If any Calvinists are reading this, I’m really sorry that I am wrong, but it was pre-destined that I would be wrong. That’s a little humor for you. Ouch! Stop hitting me!

Here’s more terrific stuff from Dr. Murray:

Who’s Afraid of Religion?“, Inaugural Lecture delivered March 30, 2006. Franklin and Marshall College.

Seek and You Will Find“, in God and the Philosophers. Thomas Morris, editor. Oxford: Oxford University Press. 1994.

UPDATE 1: Welcome visitors from the Anchoress! Thanks so much for the link! New readers may want to take a look around since I cover a lot of different topics here, from free speech to economics to science to public policies!

UPDATE 2: Welcome, visitors from Robert P. Murphy’s blog Free Advice. Please take a look around – the purpose of my blog is to help Christians to integrate their faith with other areas of knowledge, especially economics! For those of you who don’t know, Dr. Murphy is the author of the greatest book on economics ever written (and I’ve read The Road to Serfdom!). This is a book for everyone – and it’s the first book laymen should read on economics.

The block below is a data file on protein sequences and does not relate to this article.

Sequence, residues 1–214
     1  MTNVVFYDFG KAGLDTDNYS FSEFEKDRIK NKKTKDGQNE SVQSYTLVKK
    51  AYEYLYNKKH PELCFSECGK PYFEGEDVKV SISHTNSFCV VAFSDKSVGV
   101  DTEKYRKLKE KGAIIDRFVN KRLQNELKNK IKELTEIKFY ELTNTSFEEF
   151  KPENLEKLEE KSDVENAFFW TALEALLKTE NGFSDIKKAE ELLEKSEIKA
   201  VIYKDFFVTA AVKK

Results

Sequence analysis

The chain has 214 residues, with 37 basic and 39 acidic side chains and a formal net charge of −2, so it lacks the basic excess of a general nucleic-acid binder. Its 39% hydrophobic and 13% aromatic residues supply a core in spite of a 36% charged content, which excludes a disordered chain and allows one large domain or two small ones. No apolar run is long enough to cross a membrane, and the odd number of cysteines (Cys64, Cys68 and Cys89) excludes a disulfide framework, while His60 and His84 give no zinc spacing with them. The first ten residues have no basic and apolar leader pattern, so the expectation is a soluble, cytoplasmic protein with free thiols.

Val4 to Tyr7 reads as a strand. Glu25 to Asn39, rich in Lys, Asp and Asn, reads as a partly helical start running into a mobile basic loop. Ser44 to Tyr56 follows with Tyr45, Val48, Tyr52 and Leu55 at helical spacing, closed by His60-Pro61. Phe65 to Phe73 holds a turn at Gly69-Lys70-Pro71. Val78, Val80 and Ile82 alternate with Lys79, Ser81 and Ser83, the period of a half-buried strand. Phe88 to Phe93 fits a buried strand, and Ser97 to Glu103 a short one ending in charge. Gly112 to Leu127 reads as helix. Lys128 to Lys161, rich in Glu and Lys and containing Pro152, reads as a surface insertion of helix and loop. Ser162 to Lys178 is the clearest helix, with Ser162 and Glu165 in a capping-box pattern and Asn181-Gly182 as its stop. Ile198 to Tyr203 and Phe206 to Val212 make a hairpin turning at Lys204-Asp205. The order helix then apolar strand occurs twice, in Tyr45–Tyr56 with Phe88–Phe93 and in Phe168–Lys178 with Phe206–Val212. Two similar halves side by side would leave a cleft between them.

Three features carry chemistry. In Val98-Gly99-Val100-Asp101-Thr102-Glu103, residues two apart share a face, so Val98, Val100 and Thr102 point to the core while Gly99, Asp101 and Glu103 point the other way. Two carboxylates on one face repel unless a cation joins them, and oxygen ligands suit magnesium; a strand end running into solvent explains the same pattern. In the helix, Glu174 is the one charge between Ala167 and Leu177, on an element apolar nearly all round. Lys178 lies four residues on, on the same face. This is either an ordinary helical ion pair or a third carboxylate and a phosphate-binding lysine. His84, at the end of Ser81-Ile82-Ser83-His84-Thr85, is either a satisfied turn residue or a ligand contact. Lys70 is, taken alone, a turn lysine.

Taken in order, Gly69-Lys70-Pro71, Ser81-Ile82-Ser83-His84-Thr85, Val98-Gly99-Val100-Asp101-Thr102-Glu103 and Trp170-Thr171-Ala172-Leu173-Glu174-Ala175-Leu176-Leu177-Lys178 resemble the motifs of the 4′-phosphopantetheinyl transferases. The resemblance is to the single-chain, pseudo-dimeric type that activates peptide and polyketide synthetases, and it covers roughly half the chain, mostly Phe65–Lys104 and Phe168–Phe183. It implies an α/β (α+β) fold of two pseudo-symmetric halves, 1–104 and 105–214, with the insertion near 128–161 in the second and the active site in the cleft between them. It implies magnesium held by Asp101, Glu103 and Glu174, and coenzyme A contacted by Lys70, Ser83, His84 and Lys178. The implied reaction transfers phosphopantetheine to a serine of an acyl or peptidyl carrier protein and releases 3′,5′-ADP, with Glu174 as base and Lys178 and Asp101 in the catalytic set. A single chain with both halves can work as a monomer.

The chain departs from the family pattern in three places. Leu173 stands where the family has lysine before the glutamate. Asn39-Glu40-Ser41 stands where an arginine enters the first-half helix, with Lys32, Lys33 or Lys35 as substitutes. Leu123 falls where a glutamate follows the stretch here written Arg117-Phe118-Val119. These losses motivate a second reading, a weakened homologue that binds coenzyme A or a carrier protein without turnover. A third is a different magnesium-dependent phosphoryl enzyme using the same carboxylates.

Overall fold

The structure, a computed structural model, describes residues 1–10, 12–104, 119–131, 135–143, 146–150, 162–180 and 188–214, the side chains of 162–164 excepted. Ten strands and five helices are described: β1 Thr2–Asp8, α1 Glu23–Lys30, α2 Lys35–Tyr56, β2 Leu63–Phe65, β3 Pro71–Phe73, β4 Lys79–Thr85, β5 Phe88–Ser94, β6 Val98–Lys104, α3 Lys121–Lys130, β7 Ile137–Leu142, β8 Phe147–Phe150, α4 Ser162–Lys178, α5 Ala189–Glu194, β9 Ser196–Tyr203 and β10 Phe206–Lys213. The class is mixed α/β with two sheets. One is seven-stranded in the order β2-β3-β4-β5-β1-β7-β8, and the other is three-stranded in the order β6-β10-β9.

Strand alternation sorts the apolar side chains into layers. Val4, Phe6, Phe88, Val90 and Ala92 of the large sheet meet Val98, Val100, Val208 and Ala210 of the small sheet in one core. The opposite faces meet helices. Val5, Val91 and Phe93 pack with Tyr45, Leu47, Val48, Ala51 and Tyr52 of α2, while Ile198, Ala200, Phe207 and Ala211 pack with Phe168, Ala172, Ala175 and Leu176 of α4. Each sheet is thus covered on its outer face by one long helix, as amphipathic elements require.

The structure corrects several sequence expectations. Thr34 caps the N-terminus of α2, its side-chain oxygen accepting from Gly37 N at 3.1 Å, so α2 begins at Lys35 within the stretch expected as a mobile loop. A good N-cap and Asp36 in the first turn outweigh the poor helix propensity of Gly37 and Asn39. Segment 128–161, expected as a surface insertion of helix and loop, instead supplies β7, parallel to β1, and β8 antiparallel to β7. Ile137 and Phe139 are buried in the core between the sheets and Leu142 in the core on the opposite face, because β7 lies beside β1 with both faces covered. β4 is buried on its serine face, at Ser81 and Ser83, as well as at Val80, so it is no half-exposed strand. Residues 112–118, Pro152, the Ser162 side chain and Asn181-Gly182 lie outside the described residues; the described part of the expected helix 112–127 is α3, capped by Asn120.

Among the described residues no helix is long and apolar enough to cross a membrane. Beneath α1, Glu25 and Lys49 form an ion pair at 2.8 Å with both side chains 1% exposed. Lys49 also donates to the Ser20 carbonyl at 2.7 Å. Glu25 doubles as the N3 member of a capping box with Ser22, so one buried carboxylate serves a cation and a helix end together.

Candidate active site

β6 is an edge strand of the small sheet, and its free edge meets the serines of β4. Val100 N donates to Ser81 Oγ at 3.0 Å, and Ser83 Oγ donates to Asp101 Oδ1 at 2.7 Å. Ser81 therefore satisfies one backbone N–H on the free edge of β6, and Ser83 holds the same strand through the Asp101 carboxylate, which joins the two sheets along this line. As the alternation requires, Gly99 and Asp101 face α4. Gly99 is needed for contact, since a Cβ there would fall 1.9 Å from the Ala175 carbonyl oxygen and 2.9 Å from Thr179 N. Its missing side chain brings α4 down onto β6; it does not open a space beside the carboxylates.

UPDATE 3: Welcome, visitors from Colliding Universes. Thanks for the link, Denyse! Denyse’s other excellent blogs are Post-Darwinist and Mindful Hack.

Porkulus bill reverses welfare reform and nationalizes health care

This post is just a quick summary of what the spendulus bill actually does. The Heritage Foundation notes that the bill reverses welfare reform, threatens religious liberty and effectively federalizes health care.

Against the recommendations of the Congressional Budget Office, he will sign this bill. Despite returning the nation to a sea of dependency by completely reversing President Clinton’s welfare reform in 1996, he will sign this bill. Despite the threat to religious freedom cleverly disguised in the small print, he will sign this bill. Standing steps from the federal agencies he plans on doubling in size through cherry-picked liberal programs, he will sign this bill. Using an economic emergency to shield the liberal goal of federalizing your health care, he will sign this bill. And despite the overwhelming majority of Americans in poll after poll saying ‘no’ to this bill, he will say ‘yes’.

The National Review has more on the reversal of the welfare reform, which was passed by Newt Gingrich and signed by Clinton. Porkulus actually makes the welfare problem worse than before 1996.